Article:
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Ulvan is the main polysaccharide component of the Ulvales (green seaweed) cell wall. It is composed of disaccharide building blocks comprising 3-sulfated rhamnose linked to d-glucuronic acid (GlcUA), l-iduronic acid (IdoUA), or d-xylose (Xyl). The degradation of ulvan requires ulvan lyase, which catalyzes the endolytic cleavage of the glycoside bond between 3-sulfated rhamnose and uronic acid according to a β-elimination mechanism. The first characterized ulvan lyase was identified in Nonlabens ulvanivorans, an ulvanolytic bacterial isolate. In the current study, we have identified and biochemically characterized novel ulvan lyases from three Alteromonadales isolated bacteria. Two homologous ulvan lyases (long and short) were found in each of the bacterial genomes. The protein sequences have no homology to the previously reported ulvan lyases and therefore are the first representatives of a new family of polysaccharide lyases. The enzymes were heterologously expressed in Escherichia coli to determine their mode of action. The heterologous expressed enzymes were secreted into the milieu subsequent to their signal sequence cleavage. An endolytic mode of action was observed and studied using gel permeation chromatography and 1H NMR. In contrast to N. ulvanivorans ulvan lyase, cleavage occurred specifically at the GlcUA residues. In light of the genomic context and modular structure of the ulvan lyase families identified to date, we propose that two ulvan degradation pathways evolved independently.
Ulvales are green algae that proliferate in eutrophicated coastal waters. Members of this family are commonly grown and collected for food or feed, although currently most of the biomass is put to limited use (1, 2). Among the polymers synthesized by these algae, ulvan is the most abundant polysaccharide in the architecture of the cell wall (2). This complex water-soluble anionic polysaccharide represents up to 29% of the algae dry weight (3). Although the constituent ratio might vary according to algae growth conditions, it is mainly composed of 3-sulfated rhamnose (R3S),3 d-glucuronic acid (GlcUA), l-iduronic acid (IdoUA), and d-xylose (Xyl) (2). Ulvan building blocks appear frequently as repeating disaccharides comprising either GlcUA or IdoUA linked to R3S, termed ulvanobiuronic acid A or B, respectively (2). In addition, disaccharide moieties made of R3S linked to Xyl occur in lower amounts.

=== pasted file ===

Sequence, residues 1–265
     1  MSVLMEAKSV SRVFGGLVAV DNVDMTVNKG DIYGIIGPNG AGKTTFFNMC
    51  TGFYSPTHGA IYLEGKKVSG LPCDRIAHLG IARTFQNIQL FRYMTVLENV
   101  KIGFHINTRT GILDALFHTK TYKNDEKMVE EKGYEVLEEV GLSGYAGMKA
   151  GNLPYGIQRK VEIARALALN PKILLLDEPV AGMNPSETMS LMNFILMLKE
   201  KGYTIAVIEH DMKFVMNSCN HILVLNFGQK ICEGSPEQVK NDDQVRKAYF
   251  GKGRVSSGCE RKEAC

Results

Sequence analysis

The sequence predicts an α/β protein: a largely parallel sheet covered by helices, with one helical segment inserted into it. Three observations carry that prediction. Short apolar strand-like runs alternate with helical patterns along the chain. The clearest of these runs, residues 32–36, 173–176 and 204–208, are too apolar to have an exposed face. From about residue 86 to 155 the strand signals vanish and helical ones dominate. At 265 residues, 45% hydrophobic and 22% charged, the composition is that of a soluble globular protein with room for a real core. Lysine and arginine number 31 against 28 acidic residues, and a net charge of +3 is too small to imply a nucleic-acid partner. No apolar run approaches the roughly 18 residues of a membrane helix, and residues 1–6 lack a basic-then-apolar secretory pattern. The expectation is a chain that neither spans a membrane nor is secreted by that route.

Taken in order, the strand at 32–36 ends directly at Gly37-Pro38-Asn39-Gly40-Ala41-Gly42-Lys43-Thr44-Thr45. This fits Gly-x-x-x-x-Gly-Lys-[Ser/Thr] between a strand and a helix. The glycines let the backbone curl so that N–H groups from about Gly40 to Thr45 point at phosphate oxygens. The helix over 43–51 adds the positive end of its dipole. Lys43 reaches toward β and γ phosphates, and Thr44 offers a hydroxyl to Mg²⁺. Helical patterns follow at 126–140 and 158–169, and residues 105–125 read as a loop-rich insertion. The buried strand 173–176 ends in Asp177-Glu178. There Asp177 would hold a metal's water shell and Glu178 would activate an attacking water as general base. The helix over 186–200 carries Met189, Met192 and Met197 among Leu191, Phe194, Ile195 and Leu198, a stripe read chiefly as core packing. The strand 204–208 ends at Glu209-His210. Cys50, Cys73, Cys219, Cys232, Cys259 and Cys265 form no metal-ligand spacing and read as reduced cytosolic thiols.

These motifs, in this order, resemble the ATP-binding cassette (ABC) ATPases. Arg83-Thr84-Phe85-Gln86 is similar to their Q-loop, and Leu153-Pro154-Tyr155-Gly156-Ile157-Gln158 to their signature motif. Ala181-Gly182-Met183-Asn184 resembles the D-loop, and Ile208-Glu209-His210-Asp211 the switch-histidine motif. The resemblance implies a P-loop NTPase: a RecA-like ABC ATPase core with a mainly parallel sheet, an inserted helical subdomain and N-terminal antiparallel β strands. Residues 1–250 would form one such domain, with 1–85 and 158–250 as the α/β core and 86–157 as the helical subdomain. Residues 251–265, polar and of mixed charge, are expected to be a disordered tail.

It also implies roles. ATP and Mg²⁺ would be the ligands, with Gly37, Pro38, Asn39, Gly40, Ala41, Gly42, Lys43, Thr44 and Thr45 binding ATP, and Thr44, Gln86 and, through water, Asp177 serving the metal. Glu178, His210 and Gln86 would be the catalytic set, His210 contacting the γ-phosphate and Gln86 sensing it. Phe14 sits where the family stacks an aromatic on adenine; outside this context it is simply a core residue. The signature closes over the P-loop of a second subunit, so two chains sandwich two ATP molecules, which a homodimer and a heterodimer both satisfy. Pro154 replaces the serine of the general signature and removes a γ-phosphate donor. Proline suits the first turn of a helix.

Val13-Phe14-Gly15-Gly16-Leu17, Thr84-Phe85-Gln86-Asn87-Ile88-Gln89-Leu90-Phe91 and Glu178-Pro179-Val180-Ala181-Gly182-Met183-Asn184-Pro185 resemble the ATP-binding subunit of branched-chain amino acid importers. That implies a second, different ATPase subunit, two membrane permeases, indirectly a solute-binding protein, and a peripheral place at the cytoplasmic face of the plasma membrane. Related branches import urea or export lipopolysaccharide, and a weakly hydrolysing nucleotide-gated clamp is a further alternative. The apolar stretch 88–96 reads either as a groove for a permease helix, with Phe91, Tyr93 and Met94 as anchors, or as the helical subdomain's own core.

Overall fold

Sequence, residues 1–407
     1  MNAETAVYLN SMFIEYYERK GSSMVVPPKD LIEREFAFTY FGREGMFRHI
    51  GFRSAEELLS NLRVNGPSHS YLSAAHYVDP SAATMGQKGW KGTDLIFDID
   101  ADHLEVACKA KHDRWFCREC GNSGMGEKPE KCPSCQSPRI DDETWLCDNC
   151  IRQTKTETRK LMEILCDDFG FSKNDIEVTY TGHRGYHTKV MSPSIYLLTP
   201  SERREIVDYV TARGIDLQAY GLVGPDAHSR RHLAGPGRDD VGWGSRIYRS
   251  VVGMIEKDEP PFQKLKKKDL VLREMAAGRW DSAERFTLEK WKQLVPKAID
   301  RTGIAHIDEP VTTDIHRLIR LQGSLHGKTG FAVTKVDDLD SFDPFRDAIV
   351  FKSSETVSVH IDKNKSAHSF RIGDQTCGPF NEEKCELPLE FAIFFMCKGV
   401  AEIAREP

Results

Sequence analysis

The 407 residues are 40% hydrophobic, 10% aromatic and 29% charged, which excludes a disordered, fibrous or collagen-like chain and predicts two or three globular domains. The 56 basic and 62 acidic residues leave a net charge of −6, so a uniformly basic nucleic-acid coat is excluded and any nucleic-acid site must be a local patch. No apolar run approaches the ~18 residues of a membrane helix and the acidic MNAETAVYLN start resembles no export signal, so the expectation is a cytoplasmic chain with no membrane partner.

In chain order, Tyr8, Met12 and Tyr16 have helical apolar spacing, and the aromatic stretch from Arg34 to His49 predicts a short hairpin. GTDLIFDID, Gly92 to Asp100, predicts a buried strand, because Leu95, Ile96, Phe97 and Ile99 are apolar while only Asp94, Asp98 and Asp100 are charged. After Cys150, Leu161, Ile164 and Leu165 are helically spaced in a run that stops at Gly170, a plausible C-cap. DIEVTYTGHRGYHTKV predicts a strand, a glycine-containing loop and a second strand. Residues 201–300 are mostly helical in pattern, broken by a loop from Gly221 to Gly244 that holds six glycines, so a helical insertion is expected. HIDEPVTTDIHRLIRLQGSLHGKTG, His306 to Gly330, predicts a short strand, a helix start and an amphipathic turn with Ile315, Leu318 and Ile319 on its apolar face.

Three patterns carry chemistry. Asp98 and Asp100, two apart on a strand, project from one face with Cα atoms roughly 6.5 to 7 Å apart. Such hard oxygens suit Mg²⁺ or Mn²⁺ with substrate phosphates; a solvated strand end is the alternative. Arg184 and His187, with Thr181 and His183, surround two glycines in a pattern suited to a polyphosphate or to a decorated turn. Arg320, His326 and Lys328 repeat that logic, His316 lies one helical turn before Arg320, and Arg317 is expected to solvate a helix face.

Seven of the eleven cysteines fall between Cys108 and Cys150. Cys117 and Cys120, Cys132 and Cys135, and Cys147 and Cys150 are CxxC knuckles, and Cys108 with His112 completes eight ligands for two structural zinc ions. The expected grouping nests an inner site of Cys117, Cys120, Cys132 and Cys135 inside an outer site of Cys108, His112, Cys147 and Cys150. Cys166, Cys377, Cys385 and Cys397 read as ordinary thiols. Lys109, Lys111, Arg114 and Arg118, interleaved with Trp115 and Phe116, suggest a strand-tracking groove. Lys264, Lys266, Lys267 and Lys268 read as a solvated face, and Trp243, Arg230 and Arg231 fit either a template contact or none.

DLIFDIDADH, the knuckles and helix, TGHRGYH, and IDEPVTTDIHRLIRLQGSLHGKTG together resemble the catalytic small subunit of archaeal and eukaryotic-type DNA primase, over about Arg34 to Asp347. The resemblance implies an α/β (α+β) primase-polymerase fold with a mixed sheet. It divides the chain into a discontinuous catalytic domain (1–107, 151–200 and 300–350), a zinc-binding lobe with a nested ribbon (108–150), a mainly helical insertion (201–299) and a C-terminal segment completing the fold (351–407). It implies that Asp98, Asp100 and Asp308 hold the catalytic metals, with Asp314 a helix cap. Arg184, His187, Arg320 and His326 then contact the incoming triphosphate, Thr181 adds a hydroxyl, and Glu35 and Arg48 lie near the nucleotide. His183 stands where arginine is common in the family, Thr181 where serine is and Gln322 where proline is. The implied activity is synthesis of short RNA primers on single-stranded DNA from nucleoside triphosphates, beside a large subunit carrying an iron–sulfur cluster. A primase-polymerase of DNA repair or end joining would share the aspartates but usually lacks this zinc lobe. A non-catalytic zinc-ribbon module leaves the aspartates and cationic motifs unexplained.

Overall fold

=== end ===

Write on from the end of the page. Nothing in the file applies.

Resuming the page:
Ulvan's unique chemical and physicochemical properties make it an attractive candidate for several applications in the food/feed, agriculture, pharmaceutical, and biomaterials industries (2). In contrast to polysaccharides extracted from brown and red algae (e.g. alginate and agar, respectively), which are widely used in industry for their gelling and thickening properties, polysaccharides of green algae are less exploited. Expanding our understanding of ulvan structure and its enzymatic degradation would enable more extensive biomass utilization.
Thus far, only a few ulvan-degrading enzymes have been isolated from both marine and terrestrial microorganisms. Some of them, like the glucuronan lyases isolated from Sinorhizobium meliloti (4) and Trichoderma sp. GL2 (5), possess limited ulvanolytic activity. The first ulvan lyase activity was found in a marine bacterium by Lahaye et al. (1), who employed the newly discovered enzyme extract to degrade ulvan for structural analysis. More recently, several bacterial strains capable of metabolizing ulvan were isolated from the feces of a sea slug, Aplysia punctate, fed with Ulva. In this way, the Gram-negative Nonlabens ulvanivorans PLR was identified (6, 7) and its genome was sequenced (8). A novel ulvan lyase was purified from N. ulvanivorans batch culture, sequenced, and heterologously overexpressed in Escherichia coli, and the enzyme's ability to depolymerize ulvan biochemically characterized (9). N. ulvanivorans ulvan lyase was reported to cleave ulvan at the β(1→4) glyosidic bond between R3S and GlcUA or IdoUA via the β-elimination mechanism. The proton at the C5 position is abstracted, regardless of its configuration (syn for IdoUA or anti for GlcUA) with the hydroxyl group at C4 (Fig. 1). The β-eliminative cleavage results in the formation of a reducing end on one fragment and an unsaturated ring (Δ, 4-deoxy-l-threo-hex-4-enopyranosiduronic acid) on the non-reducing end of the second fragment (10). Because the protein sequence of N. ulvanivorans ulvan lyase had no characterized homolog in the databases, it was considered the first representative of a new family of polysaccharide lyases.